This paper explores the topic of cohabitation, and the social institutions which form attitudes towards cohabitation. These institutions include work status, religion, and education. Data was taken from questions asked on the 1994 General Social Survey. A scale was created using seven GSS questions as a measure of conservative or liberal family values. Variables used include level of education, church attendance, age at first marriage, and attitudes towards premarital sex. GSS data was run in the SPSSx program using crosstabs to measure the relationship between variables. The measurements used include chi-square and gamma. Results show that most people get married in the average ages (24 through 30), and that church attendance, out of all the variables used, has the strongest effect on attitudes towards cohabitation. Theoretical perspectives are presented as a way of explaining the trend of cohabitation. Functionalism is the focus of the theory section, as the focus of the paper as a whole is the interaction between social institutions. Future research is suggested, especially qualitative research, such as interviews, as these would offer more depth about the experience of cohabitation, not only the attitudes towards cohabitation.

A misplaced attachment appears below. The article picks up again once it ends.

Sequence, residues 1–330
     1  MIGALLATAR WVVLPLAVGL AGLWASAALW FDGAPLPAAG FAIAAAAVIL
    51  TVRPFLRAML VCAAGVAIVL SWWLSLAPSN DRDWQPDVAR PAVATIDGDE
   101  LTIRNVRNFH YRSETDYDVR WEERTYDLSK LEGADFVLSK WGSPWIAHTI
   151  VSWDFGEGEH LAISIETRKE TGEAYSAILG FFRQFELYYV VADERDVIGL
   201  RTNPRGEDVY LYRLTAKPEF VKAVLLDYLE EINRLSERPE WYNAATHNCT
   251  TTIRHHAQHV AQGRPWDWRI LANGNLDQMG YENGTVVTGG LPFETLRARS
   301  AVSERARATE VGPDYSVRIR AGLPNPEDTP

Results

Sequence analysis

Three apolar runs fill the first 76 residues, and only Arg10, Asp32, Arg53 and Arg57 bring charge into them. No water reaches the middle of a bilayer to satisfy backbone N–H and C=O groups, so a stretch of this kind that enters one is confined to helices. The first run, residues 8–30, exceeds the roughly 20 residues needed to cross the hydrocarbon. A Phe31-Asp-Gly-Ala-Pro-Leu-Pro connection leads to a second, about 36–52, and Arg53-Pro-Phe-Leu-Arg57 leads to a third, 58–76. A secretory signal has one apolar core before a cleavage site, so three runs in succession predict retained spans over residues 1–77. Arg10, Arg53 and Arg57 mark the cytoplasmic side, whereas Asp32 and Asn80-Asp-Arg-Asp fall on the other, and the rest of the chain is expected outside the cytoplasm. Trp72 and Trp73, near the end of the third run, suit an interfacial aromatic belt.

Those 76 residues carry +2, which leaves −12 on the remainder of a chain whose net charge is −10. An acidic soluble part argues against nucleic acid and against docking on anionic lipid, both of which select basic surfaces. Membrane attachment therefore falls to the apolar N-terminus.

Fitz Gibbon, Heather


Sociology and Anthropology

Publication Date


Degree Granted

Bachelor of Arts

Document Type

Senior Independent Study Thesis

Available for download on Thursday, January 01, 2150

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© Copyright 1997 Mandy S. King